The method which Adler and his followers propose for the cultivation of virtue is twofold. First, a man is to study himself to discover his good and bad potential; otherwise he may become presumptuous over his good qualities or despondent over his bad ones. Second, since merely having good tendencies does not make a man virtuous, he must also cultivate these tendencies and exercise them at the cost of self-sacrifice; otherwise he remains only a potentially good person but is not actually virtuous.

Essential Teachings. The means that ethical culture uses to explain true virtue is to give an example of its opposite: the person who works for others in order to exalt his idea of himself. Instead of using others as sacred personalities, worthwhile on their own account, he cleverly exploits them by benefiting them. He uses people as things by which to achieve a higher estimate of himself. He may go to the greatest lengths of devotion for his friends, assisting them financially or performing the most repulsive tasks for them. He may be willing to forego their gratitude because the lofty image of self which he is trying to create would be marred by such crude selfishness. Yet in all this he may be egocentric in the extreme. Unless self-sacrifice has no alloy of self-seeking, and excludes every trace of self-complacency, it is vice masquerading as virtue and arrogance appearing to be love. See VIRTUE.

His high idealism in ethical culture is an implicit reaction to the moral life of those Christians who verbally follow the teachings of Christ, but deny it in their daily lives. Ethical culture can best be understood, therefore, as a negative rejection of Christianity. Because theological principles seem to have so little effect in producing the goodness which should be there as their natural fruit, the Culturists have rejected them. They are ruthless in their insistence that all belief is irrelevant, even belief in God.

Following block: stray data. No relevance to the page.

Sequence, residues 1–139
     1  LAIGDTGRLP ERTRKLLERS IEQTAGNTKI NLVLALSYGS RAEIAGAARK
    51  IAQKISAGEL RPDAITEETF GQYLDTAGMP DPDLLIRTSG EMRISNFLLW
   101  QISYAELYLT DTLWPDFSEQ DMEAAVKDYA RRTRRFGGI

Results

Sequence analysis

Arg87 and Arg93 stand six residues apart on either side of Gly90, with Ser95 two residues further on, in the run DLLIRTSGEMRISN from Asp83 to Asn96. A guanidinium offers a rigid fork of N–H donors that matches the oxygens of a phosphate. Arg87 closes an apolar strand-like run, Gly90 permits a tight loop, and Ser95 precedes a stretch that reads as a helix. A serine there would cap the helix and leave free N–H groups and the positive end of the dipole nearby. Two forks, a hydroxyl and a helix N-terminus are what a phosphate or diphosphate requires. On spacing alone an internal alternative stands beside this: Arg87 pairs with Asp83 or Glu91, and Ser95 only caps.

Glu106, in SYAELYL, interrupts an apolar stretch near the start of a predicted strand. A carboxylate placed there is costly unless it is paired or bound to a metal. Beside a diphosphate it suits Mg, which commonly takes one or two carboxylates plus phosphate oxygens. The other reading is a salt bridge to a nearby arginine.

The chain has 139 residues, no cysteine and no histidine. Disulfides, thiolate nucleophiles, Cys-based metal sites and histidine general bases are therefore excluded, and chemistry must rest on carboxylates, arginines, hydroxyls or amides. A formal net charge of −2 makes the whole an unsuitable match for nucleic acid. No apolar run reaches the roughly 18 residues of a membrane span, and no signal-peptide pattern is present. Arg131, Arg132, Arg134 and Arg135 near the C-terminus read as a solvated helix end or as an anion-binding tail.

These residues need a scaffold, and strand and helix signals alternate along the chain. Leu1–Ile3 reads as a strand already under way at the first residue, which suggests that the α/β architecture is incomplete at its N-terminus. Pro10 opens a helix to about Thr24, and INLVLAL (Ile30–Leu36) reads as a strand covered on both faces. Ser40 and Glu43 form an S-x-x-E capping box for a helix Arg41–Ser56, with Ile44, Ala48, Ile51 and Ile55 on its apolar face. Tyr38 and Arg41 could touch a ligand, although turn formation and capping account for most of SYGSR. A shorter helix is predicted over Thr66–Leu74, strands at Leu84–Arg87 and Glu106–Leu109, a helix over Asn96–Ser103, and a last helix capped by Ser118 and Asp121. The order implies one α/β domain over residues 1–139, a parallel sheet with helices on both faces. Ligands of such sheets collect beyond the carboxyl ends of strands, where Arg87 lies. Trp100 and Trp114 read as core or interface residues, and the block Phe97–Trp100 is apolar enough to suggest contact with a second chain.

One aspect of ethical culture that runs as a theme through its literature is its philosophy of suffering. Suffering and evil, it is said, cannot be explained, and Christian “explanation” is only the human rationalization of a mystery. But if they cannot be explained, they can be utilized for a definite spiritual end: to achieve the consciousness of the reality of the spiritual universe and of our membership in it. This statement summarizes the nearest thing to the essential teachings of Ethical Culture. See SUFFERING.

Membership in Ethical Societies includes men and women from Christian churches and the synagogue, but most Culturists are from the great mass of the unchurched. Reflective meditation and study are the mainstay of ethical culture services. Songs and inspirational readings are also encouraged, but always with a reluctance to imitate the ritual of traditional Jewish or Christian bodies. There is no oral prayer in the sense of addressing God and asking for His help. Where meditation is practiced, it is closer to Buddhist reflection about the deity than the addressing of oneself to a divine power.

When Adler died in 1933, the senior leadership of the mother society in New York passed to his friend and collaborator, John L. Elliott. After Elliott’s death in 1943, the administration was taken over by a board of surviving leaders.

Catholic Encyclopedia For School and Home
Vol. 4, 1965, pp.

Copyright © 1998 by Inter Mirifica